In addition, there will be a required coursepack [CP] for sale at ASM’s Student Print in Memorial Union.  A listing of the articles and chapters in the coursepack can be found by clicking here.

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    4.  THE WPA COMMUNITY.

    Some of the most important resources for current and future WPAs are professional and peer networks, the central one probably being the Council of Writing Program Administrators.  You may want to join the Council ($10 per year for graduate students, which includes a subscription to the journal WPA: Writing Program Administration) as part of this course.  I also strongly encourage you to subscribe to WPA-L, the active and interesting email discussion list for faculty and students involved or interested in writing program administration.  To subscribe, send the following message to LISTSERV@ASU.EDU: Subscribe WPA-L Firstname Lastname.  Leave everything else in the subject line and message field blank.  For more information, click here.  Obviously, there are lots of other organizations, journals, discussion lists, and resources for people interested in writing, the teaching of writing, and the administration of writing programs: see my “web resources” page by clicking here.

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    5.  CALENDAR.

    wk
    day topics and assignments
    1 F Jan 20 Introduction: on designing developing managing and evaluating writing programs. Read Intro. and Ch. 1 of Richard Miller’s As If Learning Mattered.
    2 F Jan 27 Histories: writing programs in the United States in the 19th-20th C. Read Robert Connors Composition-Rhetoric: Backgrounds Theory and Pedagogy.
    3 F Feb 03 Settings Part 1: the 21st American university. Read Bill Readings The University in Ruins; read also the Boyer report and Freedman (CP). Writing Project #1 due (MLA job profile).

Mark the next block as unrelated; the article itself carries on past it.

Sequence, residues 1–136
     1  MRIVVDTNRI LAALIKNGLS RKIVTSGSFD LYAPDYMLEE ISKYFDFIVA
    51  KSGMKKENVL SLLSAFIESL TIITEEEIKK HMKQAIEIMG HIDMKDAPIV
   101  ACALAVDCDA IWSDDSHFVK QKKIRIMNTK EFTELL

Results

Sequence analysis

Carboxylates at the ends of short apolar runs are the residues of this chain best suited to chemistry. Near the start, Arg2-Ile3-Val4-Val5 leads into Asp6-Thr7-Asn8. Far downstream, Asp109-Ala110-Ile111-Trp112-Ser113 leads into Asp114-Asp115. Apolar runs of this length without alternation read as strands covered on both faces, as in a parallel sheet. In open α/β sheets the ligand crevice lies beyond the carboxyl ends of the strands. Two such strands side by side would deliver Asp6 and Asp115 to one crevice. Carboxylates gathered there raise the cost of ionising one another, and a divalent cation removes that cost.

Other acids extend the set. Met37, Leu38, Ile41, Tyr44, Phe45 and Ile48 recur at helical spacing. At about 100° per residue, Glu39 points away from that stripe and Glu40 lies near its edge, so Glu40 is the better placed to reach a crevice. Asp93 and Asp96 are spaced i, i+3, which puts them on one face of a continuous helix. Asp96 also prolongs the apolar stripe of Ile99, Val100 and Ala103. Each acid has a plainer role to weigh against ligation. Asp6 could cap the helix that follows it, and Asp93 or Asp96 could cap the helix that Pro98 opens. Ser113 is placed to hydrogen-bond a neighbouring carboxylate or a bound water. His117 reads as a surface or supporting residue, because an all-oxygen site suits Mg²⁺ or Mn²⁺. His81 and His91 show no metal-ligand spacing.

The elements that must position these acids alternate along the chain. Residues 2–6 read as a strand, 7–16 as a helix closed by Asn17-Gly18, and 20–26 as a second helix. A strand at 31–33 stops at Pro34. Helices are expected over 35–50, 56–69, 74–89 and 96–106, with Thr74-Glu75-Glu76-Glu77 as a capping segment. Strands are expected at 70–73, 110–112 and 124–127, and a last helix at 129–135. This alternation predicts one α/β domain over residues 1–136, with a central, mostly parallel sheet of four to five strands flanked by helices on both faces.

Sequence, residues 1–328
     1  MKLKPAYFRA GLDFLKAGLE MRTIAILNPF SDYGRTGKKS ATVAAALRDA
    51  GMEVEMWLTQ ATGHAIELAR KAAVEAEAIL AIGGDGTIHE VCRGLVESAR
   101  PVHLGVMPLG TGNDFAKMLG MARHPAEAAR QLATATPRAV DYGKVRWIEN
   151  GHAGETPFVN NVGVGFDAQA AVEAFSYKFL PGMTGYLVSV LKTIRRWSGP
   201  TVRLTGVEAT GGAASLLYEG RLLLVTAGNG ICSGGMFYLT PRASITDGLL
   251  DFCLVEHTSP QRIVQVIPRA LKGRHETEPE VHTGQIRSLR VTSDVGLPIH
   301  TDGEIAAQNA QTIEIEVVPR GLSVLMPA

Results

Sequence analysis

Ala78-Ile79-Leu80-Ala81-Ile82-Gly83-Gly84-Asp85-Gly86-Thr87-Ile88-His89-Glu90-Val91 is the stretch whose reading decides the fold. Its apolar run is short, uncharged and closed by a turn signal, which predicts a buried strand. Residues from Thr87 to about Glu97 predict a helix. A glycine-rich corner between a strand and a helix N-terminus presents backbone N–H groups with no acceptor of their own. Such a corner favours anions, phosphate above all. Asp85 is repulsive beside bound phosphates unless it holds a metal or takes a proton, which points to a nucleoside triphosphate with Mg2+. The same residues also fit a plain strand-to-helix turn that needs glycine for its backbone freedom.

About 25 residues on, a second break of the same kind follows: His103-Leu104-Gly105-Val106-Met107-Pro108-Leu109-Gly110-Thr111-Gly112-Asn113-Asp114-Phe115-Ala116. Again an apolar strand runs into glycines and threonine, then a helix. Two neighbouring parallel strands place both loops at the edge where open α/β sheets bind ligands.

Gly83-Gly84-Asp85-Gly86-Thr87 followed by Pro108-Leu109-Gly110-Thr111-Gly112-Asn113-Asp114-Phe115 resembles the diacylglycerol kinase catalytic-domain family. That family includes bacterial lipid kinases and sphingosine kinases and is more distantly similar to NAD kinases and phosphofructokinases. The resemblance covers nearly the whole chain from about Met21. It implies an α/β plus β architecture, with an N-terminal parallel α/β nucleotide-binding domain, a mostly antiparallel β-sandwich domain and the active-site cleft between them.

4 F Feb 10 Settings Part 2: the 21st American university and Students Part 1: discourse/development/diversity. Read Merrow (see bib). Writing Project #2 due (book reports).
    5 F Feb 17 Students Part 2: discourse/development/diversity. Continue book reports. Read Herrington & Curtis Persons in Process: Four Stories of Writing and Personal Development in College; read also Levine (CP) and Suro & Fry (CP).
    6 F Feb 24 Programs Part 1: on bureaucracies institutions and projects. Read Miller As If Learning Mattered; see also Miller “Assets” (CP) Hesse (BE) and Dean (CP).
    7 F Mar 03 Programs Part 2: on different kinds of writing programs. Read Haviland (BE) Townsend (BE) Holmsten (CP) Tinberg (CP) McClelland (CP) Myers-Breslin (CP) Maurrasse (CP) and Hall (BE).
    8 F Mar 10 Curricula: designing growth. Read Smit The End of Composition Studies. Read also Merrill & Miller (BE) Crowley (BE) and the Crowley debate. Writing Project #3 due (program profile or proposal).
    9 F Mar 17 Spring Recess 
    10 F Mar 24 CCCC (Chicago)       back to top
    11 F Mar 31 Teachers: staffing training and evaluating instructors. Read Bousquet (CP) Bullock (CP) Green & Harrigan (CP) Latterell (CP) Morgan (BE) Schell (BE) Ward & Perry (CP) and the workplace debate. Proposals for semester projects due.
    12 F Apr 07 Leadership: beyond teaching and scholarship. Read Ward (CP) Hildy Miller (CP) White (CP) Phelps (BE) Stygall (BE). Legal & ethical issues – Pantoja (BE) and Ferganchick (BE) – and problem-solving Wiesenfarth (CP) and Brown (BE).
    13 F Apr 14 Assessment & other: Read Anson (BE) the Spring 1999 Communication-B Study (Solomon & Knobloch) Lerner (CP) and Enos (BE).
    14 F Apr 21 Symposium of semester projects
    15 F Apr 28 Symposium of semester projects
    16 F May 05 Symposium of semester projects
    17 F May 12 semester projects due

    For the course pack of readings (CP), click here.